My sen­ti­men­tal­ity gauge is pretty unbal­anced with this work, as I believed for years that it was com­pletely gone. The redis­cov­ery of these images has been a great boon, not least of which for the free­dom that I see in the work. There are many ele­ments in much of the rest of the series that I would be sure to clean up now in the stu­dio rather than in post, and even in the above I see a few bits that I would try and adjust in the moment. But isn’t that a lit­tle bit of what makes nos­tal­gia nos­tal­gic? That we can’t go back and relive the past, but we can at least learn and laugh a lit­tle at the experience?

Thanks to Bone­yard Cloth­ing for set­ting up the shoot, and Justin of The Go Dev­ils for being the model in the above photograph.

Brittany, June 2011.

August 25, 2014 at 3:48 pm

I worked with Brit­tany as part of my Back series in 2011. She mod­eled for a cou­ple of ses­sions, in dig­i­tal and film.

I recently found the instant film set and res­canned the work. I’m still blown away by the tonal­ity of the “print” in these scans. Using the FP-3000b offers a high speed expe­ri­ence that is really unique, and I hope to con­tinue using the media for a long long time.

Photo Exploration: Theo in the Backyard, June 2014.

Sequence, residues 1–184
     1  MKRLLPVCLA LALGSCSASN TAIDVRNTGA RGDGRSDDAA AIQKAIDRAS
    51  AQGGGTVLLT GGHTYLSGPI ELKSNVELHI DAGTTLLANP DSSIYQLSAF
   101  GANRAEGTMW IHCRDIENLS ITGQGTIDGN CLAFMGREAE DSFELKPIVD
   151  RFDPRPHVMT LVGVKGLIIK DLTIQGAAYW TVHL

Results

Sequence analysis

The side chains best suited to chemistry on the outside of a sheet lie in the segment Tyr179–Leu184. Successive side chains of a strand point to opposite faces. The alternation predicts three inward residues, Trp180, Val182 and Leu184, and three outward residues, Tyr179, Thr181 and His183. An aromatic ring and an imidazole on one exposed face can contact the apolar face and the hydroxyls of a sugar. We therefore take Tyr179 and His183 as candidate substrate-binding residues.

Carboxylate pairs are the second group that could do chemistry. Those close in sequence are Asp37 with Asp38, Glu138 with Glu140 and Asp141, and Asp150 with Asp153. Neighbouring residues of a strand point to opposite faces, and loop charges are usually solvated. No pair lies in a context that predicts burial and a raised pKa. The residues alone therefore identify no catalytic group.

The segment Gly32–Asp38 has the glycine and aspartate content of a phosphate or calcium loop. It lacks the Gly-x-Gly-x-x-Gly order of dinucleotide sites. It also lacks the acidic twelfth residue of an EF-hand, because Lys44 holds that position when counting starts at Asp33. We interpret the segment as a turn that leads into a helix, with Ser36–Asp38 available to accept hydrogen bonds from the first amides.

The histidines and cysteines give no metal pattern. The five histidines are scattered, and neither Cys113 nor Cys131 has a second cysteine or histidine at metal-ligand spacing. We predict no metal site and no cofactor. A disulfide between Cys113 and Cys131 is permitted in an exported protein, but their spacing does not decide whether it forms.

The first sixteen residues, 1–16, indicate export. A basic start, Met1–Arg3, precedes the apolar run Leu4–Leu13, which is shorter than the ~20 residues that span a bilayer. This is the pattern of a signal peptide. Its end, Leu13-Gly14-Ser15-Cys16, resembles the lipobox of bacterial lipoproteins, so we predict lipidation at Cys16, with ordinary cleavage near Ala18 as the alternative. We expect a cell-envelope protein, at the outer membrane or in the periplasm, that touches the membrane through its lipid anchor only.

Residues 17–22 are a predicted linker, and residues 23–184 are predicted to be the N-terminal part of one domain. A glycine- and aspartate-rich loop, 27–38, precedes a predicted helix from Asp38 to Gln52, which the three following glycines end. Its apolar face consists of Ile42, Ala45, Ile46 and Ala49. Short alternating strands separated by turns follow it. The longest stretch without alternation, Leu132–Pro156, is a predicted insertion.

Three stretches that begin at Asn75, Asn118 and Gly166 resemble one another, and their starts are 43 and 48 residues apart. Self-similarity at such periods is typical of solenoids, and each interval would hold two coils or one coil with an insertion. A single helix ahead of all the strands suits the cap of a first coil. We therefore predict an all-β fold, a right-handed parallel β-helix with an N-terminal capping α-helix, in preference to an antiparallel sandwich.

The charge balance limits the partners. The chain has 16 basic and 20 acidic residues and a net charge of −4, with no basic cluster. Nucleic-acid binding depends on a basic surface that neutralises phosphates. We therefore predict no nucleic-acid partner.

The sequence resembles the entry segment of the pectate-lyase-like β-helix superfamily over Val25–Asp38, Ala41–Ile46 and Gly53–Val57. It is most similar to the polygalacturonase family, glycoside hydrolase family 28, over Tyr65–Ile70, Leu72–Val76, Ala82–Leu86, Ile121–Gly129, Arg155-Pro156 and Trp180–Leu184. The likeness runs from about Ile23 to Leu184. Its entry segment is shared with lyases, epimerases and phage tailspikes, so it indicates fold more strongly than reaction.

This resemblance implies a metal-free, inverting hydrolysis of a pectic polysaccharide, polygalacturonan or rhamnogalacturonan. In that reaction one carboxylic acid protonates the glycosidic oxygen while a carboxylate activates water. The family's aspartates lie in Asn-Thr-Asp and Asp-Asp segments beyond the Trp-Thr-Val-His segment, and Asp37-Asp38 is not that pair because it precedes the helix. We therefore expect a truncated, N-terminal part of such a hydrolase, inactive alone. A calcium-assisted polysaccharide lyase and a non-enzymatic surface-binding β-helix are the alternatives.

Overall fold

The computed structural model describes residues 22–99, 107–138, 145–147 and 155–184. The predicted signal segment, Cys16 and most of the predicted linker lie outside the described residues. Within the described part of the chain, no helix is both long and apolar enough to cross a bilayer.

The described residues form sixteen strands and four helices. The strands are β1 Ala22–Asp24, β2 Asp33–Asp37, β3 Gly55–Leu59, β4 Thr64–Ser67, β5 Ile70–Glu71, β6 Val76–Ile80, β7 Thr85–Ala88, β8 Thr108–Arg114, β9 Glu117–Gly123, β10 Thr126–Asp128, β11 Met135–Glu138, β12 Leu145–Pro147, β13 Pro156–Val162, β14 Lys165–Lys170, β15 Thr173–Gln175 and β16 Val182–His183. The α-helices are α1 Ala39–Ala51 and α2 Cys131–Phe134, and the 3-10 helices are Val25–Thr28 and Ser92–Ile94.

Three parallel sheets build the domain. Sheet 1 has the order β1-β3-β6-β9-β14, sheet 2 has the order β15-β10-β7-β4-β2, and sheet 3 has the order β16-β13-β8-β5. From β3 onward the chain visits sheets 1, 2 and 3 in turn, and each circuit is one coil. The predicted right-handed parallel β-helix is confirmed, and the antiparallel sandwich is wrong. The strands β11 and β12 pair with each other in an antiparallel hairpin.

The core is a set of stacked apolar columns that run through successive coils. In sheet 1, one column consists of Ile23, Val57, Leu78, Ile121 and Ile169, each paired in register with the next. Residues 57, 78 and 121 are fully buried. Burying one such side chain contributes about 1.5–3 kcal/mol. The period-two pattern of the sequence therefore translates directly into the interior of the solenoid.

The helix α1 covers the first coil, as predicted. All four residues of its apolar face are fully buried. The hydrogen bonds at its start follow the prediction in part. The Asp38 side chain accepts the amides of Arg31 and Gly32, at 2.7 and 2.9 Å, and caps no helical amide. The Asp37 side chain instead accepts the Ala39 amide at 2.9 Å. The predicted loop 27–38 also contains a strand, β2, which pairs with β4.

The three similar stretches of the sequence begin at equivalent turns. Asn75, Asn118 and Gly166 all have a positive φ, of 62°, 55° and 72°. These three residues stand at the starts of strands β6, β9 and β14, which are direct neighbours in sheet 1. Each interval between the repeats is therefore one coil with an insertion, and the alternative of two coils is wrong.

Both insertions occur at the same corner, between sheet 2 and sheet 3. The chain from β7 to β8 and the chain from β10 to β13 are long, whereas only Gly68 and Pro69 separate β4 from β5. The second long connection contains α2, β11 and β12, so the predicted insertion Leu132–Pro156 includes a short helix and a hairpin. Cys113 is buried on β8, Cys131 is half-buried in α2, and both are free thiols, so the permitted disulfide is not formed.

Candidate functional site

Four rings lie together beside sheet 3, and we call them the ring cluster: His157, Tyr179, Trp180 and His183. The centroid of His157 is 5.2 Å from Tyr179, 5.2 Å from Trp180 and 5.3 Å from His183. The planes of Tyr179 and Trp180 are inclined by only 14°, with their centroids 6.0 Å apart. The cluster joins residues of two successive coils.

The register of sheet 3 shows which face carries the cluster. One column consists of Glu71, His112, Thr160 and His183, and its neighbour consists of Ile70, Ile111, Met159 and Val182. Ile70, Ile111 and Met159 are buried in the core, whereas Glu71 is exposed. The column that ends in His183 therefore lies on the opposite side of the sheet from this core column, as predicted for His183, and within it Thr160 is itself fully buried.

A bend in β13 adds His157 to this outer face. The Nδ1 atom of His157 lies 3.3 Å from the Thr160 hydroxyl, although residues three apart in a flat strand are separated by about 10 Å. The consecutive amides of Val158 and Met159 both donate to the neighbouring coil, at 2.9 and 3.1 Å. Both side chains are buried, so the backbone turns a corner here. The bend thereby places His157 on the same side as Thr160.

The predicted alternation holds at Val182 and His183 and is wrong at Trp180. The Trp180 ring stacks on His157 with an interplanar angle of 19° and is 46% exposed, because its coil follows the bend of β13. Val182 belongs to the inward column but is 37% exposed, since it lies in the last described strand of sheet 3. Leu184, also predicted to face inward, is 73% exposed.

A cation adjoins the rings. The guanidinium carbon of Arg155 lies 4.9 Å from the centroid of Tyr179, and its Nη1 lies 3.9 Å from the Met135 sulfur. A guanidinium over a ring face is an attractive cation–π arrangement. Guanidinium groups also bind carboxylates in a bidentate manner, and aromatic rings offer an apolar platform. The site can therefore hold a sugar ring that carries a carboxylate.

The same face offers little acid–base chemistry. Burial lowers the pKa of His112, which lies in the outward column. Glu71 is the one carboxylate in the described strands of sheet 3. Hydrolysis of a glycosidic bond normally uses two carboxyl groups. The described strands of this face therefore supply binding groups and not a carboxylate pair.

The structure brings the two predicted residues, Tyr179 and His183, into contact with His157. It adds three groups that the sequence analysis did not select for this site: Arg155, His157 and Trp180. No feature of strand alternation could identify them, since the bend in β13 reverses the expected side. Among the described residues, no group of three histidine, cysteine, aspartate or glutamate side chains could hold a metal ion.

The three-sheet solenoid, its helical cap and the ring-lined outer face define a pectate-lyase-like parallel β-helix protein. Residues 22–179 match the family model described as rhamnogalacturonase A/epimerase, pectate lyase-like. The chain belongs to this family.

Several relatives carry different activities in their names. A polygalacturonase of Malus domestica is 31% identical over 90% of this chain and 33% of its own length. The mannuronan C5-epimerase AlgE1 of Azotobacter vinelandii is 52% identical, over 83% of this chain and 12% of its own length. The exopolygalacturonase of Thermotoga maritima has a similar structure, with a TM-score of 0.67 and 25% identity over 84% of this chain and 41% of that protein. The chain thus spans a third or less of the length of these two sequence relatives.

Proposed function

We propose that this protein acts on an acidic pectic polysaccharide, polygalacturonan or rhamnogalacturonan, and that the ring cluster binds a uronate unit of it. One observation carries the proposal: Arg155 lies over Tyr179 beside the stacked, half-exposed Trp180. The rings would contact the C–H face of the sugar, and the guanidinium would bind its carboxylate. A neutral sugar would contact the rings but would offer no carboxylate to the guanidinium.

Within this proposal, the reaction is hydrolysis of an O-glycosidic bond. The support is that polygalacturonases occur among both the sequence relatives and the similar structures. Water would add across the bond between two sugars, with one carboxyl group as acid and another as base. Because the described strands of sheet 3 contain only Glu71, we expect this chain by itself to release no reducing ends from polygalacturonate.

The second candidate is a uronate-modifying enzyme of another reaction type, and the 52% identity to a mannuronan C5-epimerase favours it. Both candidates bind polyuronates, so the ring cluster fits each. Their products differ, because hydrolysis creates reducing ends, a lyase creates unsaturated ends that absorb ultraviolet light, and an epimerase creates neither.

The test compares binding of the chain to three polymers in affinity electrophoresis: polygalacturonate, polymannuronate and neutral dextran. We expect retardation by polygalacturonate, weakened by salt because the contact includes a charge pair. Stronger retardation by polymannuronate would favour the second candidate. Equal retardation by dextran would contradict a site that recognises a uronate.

June 24, 2014 at 3:45 pm

Theo, June 2014

Theo play­ing in the back­yard as we do a lit­tle lawn main­te­nance. He really loves his “dig­gers and dumpers.”

When you play with expired film, some­times you get a mash of spotty color and weak con­trast. This roll turned out fine, and I’m grate­ful. There are some other shots of Theo, but this is the one I really took as a favorite. There aren’t any par­tic­u­larly amaz­ing mes­sages com­ing from this, but it is still a nice “day in the life” work.

I’m spend­ing more of my time work­ing on series for show, get­ting gallery work together and really striv­ing for a more “fine art” pre­sen­ta­tion. It’s a bit exhaust­ing, and it doesn’t always give me the space to just shoot. I’ve got­ten more hes­i­tant about shar­ing work on social media, as if the responses won’t be hon­est enough. I want to just work with shar­ing­prints these days, but even that has become a block and I’m not print­ing as much as I was ear­lier this year. I feel that if I bring this work out into the world, I need a wor­thy place to present and dis­cuss. And that’s still being searched for.…maybe indefinitely.

All that said, I like this photo as it takes me away from all that navel gaz­ing and is just a nice time hang­ing out with Theo.